A man has been sentenced to 22 weeks in jail after he and his partner abused their dog who died from ingesting toxic raisins and was then dumped in a suitcase by the River Mersey in Liverpool.
Christy Carl Hewitt and Chantell Duvall-Gregory were prosecuted by the RSPCA as a result of a press appeal, which was launched after the body of the Malinois, called Snoop, with blood around the nose and mouth was found locked in a pink suitcase placed under rocks at the Speke and Garston Coastal Reserve on January 11 last year (2022).
The suitcase was split due to the weight of the body inside and a member of the public who made the grisly discovery contacted the RSPCA.
Tests later revealed how the three-year-old dog was found to have suffered extensive bruising, fractures to his ribs and cracks to two of his teeth some six to eight weeks before his death, injuries which were consistent with the assaults an eye witness recounted seeing the pair inflict on him in Duvall-Gregory’s flat in Garston.
Many of those attacks were said to have been meted out as punishment for the dog’s toileting mistakes.
Snoop passed black, tarry faeces before he suffered a seizure and died on December 21, 2021. On the morning of his death, Duvall-Gregory said she had fed him a mixture of dog food and granola at her flat. A post-mortem later revealed that the cause of death was gastroenteritis as a result of being poisoned by raisins.
Hewitt, of Aigburth, and Duvall-Gregory, of no fixed abode, both pleaded guilty to jointly causing unnecessary suffering to Snoop by inflicting on him blunt force trauma, physical violence and abusive behaviour.
They admitted causing unnecessary suffering to the dog by failing to seek veterinary treatment for his injuries and failing to provide an appropriate diet for the dog, while they also pleaded guilty to failing to meet the dog’s needs. The defendants appeared at Liverpool Magistrates’ Court on January 9 for sentencing.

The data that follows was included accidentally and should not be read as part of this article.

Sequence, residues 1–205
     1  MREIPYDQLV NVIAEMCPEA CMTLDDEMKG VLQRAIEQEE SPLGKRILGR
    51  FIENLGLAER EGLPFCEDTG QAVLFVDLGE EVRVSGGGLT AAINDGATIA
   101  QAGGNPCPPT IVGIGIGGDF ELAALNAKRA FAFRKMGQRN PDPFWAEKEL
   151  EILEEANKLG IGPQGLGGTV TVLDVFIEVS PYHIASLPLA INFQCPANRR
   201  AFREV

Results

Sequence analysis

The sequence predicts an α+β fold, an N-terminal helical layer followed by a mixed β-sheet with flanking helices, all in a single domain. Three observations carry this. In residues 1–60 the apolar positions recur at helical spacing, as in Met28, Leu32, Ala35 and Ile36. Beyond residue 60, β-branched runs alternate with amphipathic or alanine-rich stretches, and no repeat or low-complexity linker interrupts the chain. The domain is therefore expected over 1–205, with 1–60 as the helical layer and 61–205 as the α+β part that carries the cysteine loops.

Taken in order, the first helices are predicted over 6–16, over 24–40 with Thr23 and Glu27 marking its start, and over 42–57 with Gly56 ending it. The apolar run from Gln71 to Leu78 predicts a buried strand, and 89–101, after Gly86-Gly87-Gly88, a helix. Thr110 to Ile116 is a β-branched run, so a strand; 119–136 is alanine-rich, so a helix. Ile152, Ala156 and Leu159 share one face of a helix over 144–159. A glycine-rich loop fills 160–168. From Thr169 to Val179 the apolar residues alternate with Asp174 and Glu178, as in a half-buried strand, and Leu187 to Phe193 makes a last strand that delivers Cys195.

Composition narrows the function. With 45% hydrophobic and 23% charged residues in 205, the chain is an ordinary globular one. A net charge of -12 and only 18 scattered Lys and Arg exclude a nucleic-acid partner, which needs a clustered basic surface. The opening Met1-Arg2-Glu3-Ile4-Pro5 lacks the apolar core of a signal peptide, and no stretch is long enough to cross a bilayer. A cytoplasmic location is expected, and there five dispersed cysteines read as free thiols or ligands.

Duvall-Gregory was handed a 22-week custodial sentence, which the magistrates suspended for 18 months. Both she and Hewitt were banned from owning any animal for 10 years.
The name Chantell was written on the side of the suitcase and investigating officer, inspector Anthony Joynes, said in a witness statement presented to the court that Duvall-Gregory contacted the charity herself after the press appeal, which included images of the case.
She said she tried unsuccessfully to get help for Snoop when he fell ill and claimed while she left the dog’s body in the suitcase, she did not throw him into the Mersey.
When the pair were interviewed, they admitted there had been “physical chastisement” of the dog, which involved slapping him on his flanks and bottom when they were frustrated about his toileting.
A statement from an eye witness said that when Snoop’s toileting behaviour annoyed the defendants he would be taken into a bedroom “by one or other of them and stood on repeatedly”.
On one occasion Hewitt was said to have pinned the dog by his neck to a chair and then punched him in the head because he had chewed one of his slippers. The witness also claimed Hewitt hit Snoop on the back of his neck with a spoon with such force that the implement broke.
The post-mortem found a number of raisins in Snoop’s stomach.
A vet’s expert report concluded the dog had not been provided with a suitable diet and died from gastroenteritis as “a consequence of raisin poisoning.”
It also stated that Snoop’s injuries were not accidental and that he had been repeatedly subjected to “significant blunt force trauma” over a prolonged period of time.
“It is clear both defendants were regularly using physical chastisement on Snoop and from the post-mortem it is clear that the amount of force used was grossly excessive. They described using minor physical punishments, but this was completely inconsistent with the findings, which are consistent with the dogs being forcefully hit or kicked,” said the vet.
In mitigation, the defendants claimed Snoop would not eat dog food and that Duvall-Gregory believed she had removed all the raisins in the granola before she fed it to her pet. She said she had tried to call several vets, but there were none available as it was near Christmas.
The magistrates also ordered Duvall-Gregory to complete 20 rehabilitation activity days as part of her sentence and they awarded costs of £450 against her and told her to also pay a victim surcharge of £128.
Speaking after the case, Inspector Joynes said, “Snoop was systematically beaten by these two defendants and the way they abused him is summed up in the callous manner in which they disposed of his body afterwards.
“Thankfully, as a result of our appeal we were able to identify and convict them. It shows the lengths we will go to investigate animal abuse like this and we thank the public for responding to our appeal in the media.”